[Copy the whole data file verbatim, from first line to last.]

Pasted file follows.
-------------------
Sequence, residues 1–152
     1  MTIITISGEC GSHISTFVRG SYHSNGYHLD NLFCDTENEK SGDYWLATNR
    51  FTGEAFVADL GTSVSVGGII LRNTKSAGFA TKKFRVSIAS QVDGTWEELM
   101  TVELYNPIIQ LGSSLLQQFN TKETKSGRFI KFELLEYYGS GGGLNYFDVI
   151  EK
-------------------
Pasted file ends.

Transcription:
Sequence, residues 1–152
     1  MTIITISGEC GSHISTFVRG SYHSNGYHLD NLFCDTENEK SGDYWLATNR
    51  FTGEAFVADL GTSVSVGGII LRNTKSAGFA TKKFRVSIAS QVDGTWEELM
   101  TVELYNPIIQ LGSSLLQQFN TKETKSGRFI KFELLEYYGS GGGLNYFDVI
   151  EK